Hi All
It seems to me that the problem lies in the meaning of research. Little "r" research" is often used to mean gathering information e.g readings. Capital "R" research applies to the type of research which is the focus of this discussion- while I agree with requirements for rigour, transferability and generalisability in Research, - I would encourage research in undergraduate programs before students undertake Research
-----Original Message-----
From: "Michael Schmidt (mschmidt)" <[log in to unmask]>
To:  <[log in to unmask]>
To: (mschmidt), Michael Schmidt <[log in to unmask]>

Sent: 2/12/2010 4:03:12 AM
Subject: Re: An academic question

Thanks for the clarification, Jacques. I agree with your concerns.


On 12/1/10 10:56 AM, "Jacques Giard" <[log in to unmask]> wrote:


It appears that my comment was not explained fully and therefore clearly created some confusion. Sorry for that.

Rephrased, what I should have stated is that I hear the word research used more and more as I attend studio critiques or listen to design faculty discuss their students' projects, both undergraduate and graduate, when in the past the word was rarely spoken. Therefore, are the students now doing research in their studio projects? As far as I can tell they are not. In fact, nothing has significantly changed, at least not to the point that credible research methods are integrated into studio projects. As a case in point, most of our PhD students from professional design programs such as the MArch and MFA (industrial design, interior design and graphic design) have no research methods whatsoever in their academic background when they enroll with us. Yet many believed that they did research in their previous program of studies.

My comments should not be interpreted in the context of credible research undertaken by design faculty. Like you, I have witnessed a change in a direction that can only be viewed as positive, especially in the context of a research university.

Jacques Giard PhD
Professor of Design
School of Architecture and Landscape Architecture

P Go Green! Please do not print this e-mail unless it is completely necessary.

On 12/1/10 9:34 AM, "Michael Schmidt (mschmidt)" <[log in to unmask]> wrote:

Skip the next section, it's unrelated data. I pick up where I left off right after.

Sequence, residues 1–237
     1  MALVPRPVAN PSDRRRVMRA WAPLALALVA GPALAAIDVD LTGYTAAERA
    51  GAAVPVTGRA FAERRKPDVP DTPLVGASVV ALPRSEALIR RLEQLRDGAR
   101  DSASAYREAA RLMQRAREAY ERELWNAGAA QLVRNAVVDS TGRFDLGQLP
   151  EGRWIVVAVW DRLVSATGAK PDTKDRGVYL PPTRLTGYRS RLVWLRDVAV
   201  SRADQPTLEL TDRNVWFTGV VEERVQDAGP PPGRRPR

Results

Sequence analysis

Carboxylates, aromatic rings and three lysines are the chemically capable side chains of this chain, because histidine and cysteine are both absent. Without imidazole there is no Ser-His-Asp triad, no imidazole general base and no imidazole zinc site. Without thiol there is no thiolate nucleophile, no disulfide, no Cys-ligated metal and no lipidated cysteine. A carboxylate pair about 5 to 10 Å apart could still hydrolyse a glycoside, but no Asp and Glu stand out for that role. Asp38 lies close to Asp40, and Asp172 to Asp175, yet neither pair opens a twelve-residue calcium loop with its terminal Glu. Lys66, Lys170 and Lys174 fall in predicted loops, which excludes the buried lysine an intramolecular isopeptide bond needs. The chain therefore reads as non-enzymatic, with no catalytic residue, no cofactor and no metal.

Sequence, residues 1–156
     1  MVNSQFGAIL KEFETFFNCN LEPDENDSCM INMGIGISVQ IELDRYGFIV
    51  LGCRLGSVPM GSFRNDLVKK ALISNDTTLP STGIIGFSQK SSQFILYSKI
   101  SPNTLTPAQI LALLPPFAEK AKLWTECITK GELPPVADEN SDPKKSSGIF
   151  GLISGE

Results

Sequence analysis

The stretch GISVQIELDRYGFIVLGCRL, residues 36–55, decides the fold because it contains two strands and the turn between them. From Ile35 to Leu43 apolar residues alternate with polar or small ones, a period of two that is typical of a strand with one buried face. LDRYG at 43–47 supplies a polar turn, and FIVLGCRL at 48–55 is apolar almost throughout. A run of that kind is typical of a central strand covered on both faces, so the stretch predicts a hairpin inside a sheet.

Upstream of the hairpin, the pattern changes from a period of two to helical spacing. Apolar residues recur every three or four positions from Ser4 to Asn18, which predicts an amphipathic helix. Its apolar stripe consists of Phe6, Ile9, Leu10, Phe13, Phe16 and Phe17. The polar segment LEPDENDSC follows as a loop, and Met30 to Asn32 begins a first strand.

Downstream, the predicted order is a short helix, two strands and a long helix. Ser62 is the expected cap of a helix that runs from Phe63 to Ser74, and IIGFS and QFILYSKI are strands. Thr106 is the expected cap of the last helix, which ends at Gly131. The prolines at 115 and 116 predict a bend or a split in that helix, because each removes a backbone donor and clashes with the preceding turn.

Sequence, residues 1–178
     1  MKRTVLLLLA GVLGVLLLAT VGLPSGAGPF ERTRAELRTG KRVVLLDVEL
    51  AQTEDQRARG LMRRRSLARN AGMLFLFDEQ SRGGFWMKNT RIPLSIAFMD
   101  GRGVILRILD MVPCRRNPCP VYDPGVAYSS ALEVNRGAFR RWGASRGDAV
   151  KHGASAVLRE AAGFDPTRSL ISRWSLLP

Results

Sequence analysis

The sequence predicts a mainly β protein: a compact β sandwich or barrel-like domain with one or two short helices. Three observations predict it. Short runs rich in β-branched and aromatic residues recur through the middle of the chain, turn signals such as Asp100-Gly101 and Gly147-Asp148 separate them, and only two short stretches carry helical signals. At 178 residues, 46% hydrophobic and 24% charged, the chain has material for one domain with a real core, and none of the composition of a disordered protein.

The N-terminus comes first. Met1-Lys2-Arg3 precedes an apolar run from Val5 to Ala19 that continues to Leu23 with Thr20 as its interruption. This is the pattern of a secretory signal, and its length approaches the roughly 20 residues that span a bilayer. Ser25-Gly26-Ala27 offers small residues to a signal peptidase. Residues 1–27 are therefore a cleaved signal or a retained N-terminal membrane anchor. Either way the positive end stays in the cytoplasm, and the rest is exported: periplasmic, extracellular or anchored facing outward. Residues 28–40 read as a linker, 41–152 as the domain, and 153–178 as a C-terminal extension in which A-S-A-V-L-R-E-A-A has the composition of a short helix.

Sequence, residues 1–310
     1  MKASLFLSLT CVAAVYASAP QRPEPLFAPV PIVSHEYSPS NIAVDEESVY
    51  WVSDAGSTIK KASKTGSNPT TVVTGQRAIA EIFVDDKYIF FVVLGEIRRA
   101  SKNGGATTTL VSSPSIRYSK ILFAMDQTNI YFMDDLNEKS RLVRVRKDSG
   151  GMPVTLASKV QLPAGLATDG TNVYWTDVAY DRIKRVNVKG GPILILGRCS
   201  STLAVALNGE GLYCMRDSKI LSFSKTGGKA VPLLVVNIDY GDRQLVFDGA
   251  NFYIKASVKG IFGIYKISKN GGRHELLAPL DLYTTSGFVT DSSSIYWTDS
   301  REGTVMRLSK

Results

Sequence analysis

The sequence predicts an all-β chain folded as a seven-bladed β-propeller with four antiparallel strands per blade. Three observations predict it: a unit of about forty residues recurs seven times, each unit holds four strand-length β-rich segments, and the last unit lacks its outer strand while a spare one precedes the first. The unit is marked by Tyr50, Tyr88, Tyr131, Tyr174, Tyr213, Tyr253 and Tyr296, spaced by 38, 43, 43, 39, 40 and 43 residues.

> Jacques,
> In my experience, it's the opposite of what you describe. Creative activity is
> a newer addition to recognized criteria for retention and tenure. Prior to
> that, American universities treated forms of artistic production as second to
> scientific and social scientific research. The bias is still entrenched.
> Additionally, US academic institutions-facing budget crises-are placing
> greater emphasis on externally-funded research. And add to this a strong and
> growing interest in engaged scholarship (supplanting outreach/community
> service), which also promotes itself as a form of research. The recognition of
> "creative activity" didn't really get much chance to take root before these
> other emphases came fully to the fore. This is not to say creative activity is
> not recognized as a legitimate form of scholarship, but it's not flourishing
> as a "peer" to what many on this list would define as research. This tends to
> push artists and designer/artists back into legitimizing their work as
> research, pursuing external funds, and listing how much money they've raised
> to fund projects. Dept chairs and deans within universities provide these
> numbers to their upper administrators per annual reporting requirements. And
> this process, in turn, reinforces the sense that creative activity is quickly
> becoming less valuable to university execs.
> Michael
> --
> Michael Schmidt, Director
> Center for Multimedia Arts
> The University of Memphis
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